But . . . are they? Studies conducted by a Democratic group during the election indicated that the Lincoln Project’s ads didn’t really work — they may have made Democrats who already supported Biden feel better about themselves, but they were unpersuasive to undecided voters:
The PAC, Priorities USA, spent a good chunk of the cycle testing the effectiveness of ads, some 500 in all. And, along the way, they decided to conduct an experiment that could have potentially saved them tons of money. They took five ads produced by a fellow occupant in the Super PAC domain — the Lincoln Project — and attempted to measure their persuasiveness among persuadable swing state voters; i.e. the ability of an ad to move Trump voters towards Joe Biden. A control group saw no ad at all. Five different treatment groups, each made up of 683 respondents, saw one of the five ads. Afterwards they were asked the same post-treatment questions measuring the likelihood that they would vote and who they would vote for. . . .
According to Nick Ahamed, Priorities’ analytics director, the correlation of Twitter metrics — likes and retweets — and persuasion was -0.3, “meaning that the better the ad did on Twitter, the less it persuaded battleground state voters.” The most viral of the Lincoln Project’s ads — a spot called Bounty, which was RTed 116,000 times and liked more than 210,000 times — turned out to be the least persuasive of those Priorities tested.
It will be interesting to see if that report ends up in the documentary. It raises the question of just how the Lincoln Project defined success — was the goal to persuade undecided voters, or did it just want to make sneering ads that would thrill progressive grassroots donors who would then contribute more money to the Lincoln Project? Yes, the Lincoln Project ads made Trump angry, but how big of an accomplishment was that? What did that change? As that Colbert interview with Rick Wilson sarcastically jabbed, “Wow, Trump is not usually so sensitive! How did you get under Trump’s thick, rhino-like skin?”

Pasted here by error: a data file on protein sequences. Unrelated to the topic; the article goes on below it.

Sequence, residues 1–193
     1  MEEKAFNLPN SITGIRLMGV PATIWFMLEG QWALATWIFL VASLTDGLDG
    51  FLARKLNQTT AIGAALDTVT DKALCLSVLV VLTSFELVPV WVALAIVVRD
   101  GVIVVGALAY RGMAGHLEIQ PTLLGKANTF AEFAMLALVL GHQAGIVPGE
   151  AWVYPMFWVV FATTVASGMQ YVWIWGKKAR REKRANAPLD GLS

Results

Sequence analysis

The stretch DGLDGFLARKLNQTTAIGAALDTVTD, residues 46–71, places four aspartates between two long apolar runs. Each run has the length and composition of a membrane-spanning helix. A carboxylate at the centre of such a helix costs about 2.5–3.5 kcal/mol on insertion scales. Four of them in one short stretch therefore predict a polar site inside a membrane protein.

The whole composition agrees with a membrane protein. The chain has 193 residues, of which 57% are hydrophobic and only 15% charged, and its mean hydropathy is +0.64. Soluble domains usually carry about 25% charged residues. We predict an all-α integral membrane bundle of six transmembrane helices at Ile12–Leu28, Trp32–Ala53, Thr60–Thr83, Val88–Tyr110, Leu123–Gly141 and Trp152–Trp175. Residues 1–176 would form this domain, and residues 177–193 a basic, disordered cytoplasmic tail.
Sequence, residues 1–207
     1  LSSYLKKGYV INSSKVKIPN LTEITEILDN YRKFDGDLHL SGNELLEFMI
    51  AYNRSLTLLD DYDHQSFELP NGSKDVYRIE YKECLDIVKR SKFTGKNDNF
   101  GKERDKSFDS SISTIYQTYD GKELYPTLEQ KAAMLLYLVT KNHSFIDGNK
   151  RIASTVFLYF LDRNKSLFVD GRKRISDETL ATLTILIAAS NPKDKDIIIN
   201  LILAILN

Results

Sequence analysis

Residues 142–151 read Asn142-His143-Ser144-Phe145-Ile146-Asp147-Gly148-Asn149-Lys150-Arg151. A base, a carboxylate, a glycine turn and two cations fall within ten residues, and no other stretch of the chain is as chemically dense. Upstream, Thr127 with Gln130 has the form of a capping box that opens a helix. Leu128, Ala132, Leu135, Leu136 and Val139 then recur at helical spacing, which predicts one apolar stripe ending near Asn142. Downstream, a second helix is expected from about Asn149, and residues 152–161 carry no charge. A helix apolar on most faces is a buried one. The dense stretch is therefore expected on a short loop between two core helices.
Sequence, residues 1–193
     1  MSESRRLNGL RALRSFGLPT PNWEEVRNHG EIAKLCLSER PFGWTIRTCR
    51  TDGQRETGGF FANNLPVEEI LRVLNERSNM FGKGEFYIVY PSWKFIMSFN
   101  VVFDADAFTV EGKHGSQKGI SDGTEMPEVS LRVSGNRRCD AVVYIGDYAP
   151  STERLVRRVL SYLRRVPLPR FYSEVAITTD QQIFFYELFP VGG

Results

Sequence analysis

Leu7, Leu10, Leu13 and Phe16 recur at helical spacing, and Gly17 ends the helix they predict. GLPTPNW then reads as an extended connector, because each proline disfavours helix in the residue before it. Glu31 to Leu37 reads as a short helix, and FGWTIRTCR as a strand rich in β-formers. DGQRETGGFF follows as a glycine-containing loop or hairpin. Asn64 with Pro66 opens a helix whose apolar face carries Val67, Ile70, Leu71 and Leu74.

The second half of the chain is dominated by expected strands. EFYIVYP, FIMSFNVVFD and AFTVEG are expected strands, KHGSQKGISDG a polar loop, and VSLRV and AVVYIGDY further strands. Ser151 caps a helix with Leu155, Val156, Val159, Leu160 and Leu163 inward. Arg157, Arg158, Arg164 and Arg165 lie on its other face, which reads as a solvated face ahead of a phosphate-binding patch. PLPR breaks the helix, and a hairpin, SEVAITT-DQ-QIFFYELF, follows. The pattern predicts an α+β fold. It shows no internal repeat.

There are some fascinating aspects of the Lincoln Project, but focusing on those aspects wouldn’t make such a flattering documentary. Considering how suddenly and vehemently the likes of Steve Schmidt, John Weaver, and Rick Wilson turned on longtime allies . . . just how committed were those consultants back when they were running the campaigns of GOP candidates? If you can turn on a dime and unleash cannon fire on your old friends, were you ever all that committed to anything? For all the group’s talk about “saving the country,” haven’t these guys proven themselves to be mercenaries?
There’s a line at the end of the trailer from Stu Stevens, “It’s not about ideology. It’s about money. It’s about power.” Whom is he describing? Trump and his inner circle, or the Lincoln Project itself?
Then again, maybe the documentary will acknowledge that the Lincoln Project isn’t as morally distinct from its foes as its members like to believe. There’s a quote from an unseen woman, “I feel like I’ve become a victim of what I was fighting against.” Maybe the filmmakers couldn’t ignore the ironies piling up so high — accusations of grifting, accusations of sexual misconduct, sexist and homophobic language, as well as claims from several witnesses that one founder saw the organization as vehicle to achieve “generational wealth.”